Hearing Health Blog

Women with hearing loss laughing on park bench.

That hearing loss can impact your brain has been proven in multiple studies. (Some of our previous blogs clearly reveal that.) Hearing Aids, fortunately, have been shown to be able to help you recover some of that cognitive ability.

We’re not stating that you will get smarter just by wearing hearing aids. But there’s some compelling research that suggests hearing aids can improve cognitive abilities, lowering your risk for depression, dementia, and anxiety.

You Carry Out a Lot of Hearing With Your Brain

It’s important to recognize how large a part your brain plays in hearing if you are going to understand the link between your ears and cognition. That’s where the vibrations of the world are transformed into the sounds of your environment. The parts of the brain that translate sound will suddenly have less to do when hearing starts to diminish.

Combined with other considerations (like social solitude), the changes in your brain (and hearing) can result in the onset of specific mental health issues. In people with neglected hearing loss, it’s not unusual to observe an increase in the risks for depression, anxiety, and dementia.

When you wear hearing aids, you’re effectively “treating” your hearing loss. That means:

  • Because you’ll be able to couple your hearing aids with regular screening and other treatment methods, you can stop your hearing from getting increasingly worse.
  • Social alienation will be less likely. You will be more likely to engage with people if you’re able to hear and understand conversations.
  • Your brain stays healthier if it continues working; your brain will be getting a more regular workout in the regions responsible for hearing.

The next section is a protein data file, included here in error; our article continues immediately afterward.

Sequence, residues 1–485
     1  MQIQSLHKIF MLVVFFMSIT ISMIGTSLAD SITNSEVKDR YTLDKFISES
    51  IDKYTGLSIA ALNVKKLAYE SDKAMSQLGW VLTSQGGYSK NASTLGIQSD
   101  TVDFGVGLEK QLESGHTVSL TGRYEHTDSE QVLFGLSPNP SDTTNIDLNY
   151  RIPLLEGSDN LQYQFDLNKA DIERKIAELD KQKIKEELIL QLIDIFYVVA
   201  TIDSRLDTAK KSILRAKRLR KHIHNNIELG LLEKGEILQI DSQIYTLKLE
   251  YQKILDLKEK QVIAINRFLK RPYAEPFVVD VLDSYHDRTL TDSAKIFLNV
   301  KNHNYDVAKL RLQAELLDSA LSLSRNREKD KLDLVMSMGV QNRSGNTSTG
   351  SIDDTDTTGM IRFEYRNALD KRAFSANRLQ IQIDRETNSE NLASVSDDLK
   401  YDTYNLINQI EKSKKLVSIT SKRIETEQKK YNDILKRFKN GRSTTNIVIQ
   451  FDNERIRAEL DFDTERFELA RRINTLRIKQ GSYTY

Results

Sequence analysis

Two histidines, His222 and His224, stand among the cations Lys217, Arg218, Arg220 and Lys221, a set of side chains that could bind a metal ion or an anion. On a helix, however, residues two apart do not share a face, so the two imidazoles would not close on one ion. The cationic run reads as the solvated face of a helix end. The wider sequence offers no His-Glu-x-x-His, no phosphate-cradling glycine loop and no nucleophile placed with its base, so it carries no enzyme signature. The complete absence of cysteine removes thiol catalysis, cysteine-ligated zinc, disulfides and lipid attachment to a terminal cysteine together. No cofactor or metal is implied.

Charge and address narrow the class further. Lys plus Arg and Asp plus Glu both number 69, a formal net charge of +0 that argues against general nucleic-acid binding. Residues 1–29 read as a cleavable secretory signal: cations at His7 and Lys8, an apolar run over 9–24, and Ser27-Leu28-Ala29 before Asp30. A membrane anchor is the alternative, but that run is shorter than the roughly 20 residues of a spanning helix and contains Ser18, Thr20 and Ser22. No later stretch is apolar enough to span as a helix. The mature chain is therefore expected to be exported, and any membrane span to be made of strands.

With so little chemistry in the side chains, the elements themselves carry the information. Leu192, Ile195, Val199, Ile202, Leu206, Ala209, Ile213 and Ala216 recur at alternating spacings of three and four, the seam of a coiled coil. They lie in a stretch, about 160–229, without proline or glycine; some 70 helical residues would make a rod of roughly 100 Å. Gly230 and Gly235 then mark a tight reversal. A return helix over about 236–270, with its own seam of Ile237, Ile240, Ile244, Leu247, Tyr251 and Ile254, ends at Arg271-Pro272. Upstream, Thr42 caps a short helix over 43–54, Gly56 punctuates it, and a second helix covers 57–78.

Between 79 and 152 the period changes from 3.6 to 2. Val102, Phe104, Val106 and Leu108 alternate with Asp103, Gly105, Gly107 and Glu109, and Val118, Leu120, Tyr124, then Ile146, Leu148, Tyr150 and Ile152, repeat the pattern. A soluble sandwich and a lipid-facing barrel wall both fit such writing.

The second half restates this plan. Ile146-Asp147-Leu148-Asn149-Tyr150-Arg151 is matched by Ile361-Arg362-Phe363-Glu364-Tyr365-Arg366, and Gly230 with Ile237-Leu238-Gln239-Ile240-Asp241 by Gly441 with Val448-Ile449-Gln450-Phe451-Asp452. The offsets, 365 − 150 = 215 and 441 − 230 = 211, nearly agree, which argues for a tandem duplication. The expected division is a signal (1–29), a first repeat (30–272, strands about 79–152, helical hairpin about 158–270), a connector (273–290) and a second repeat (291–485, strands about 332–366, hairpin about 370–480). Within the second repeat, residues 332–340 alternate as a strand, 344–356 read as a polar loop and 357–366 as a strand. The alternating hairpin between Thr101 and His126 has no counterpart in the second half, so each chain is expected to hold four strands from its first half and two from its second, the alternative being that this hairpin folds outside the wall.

Staying Attentive

Hearing aids can prevent dementia, anxiety, and depression because they stimulate your brain and your social life.

  • The health of your inner ear: Inner ear damage is not triggered by loss of hearing alone. But there is normally a common cause for both loss of hearing and inner ear damage. In some cases, a hearing aid is a component of the treatment program for hearing loss which can also help inner ear damage.
  • Creating better awareness: Occasionally, you fall because you’re not aware of your environment. Your situational awareness can be seriously hampered by hearing problems. Not only can it be difficult to hear sounds, but it can also be a challenge to figure out what direction sounds are originating from. Without treatment, this can wind up leading to a fall or injury.
  • Cutting edge technology: Some contemporary hearing aids, when a person has a fall, can immediately notify emergency services. This might not prevent the fall in the first place, but it can prevent lasting injuries or complications caused by the fall.

Ultimately, when you’re wearing a hearing aid, you’re more likely to avoid a fall to start with. A hearing aid helps you stay more alert, more perceptive, and more tuned in, boosting cognitive abilities and general health simultaneously.

Stop Ignoring Your Hearing Aid

We haven’t even touched on the fact that a hearing aid will also improve your hearing. So when you take into consideration that amplified hearing, include the mental health advantages and physical well-being, it seems like wearing these devices should be a simple choice (not something you need to put your thinking cap on for).

The problem is that many people don’t know they have hearing loss. It can be challenging to recognize loss of hearing when it happens slowly over time. That’s the reason it’s important to have your hearing checked regularly. Without hearing aids, loss of hearing can exacerbate a number of of other health problems.

The right hearing aid can, in part, slow the onset of despair and dementia, while reducing the occurrences of certain physical injuries. That’s a stunning combination of benefits that hearing aids offer, and they also help you hear.

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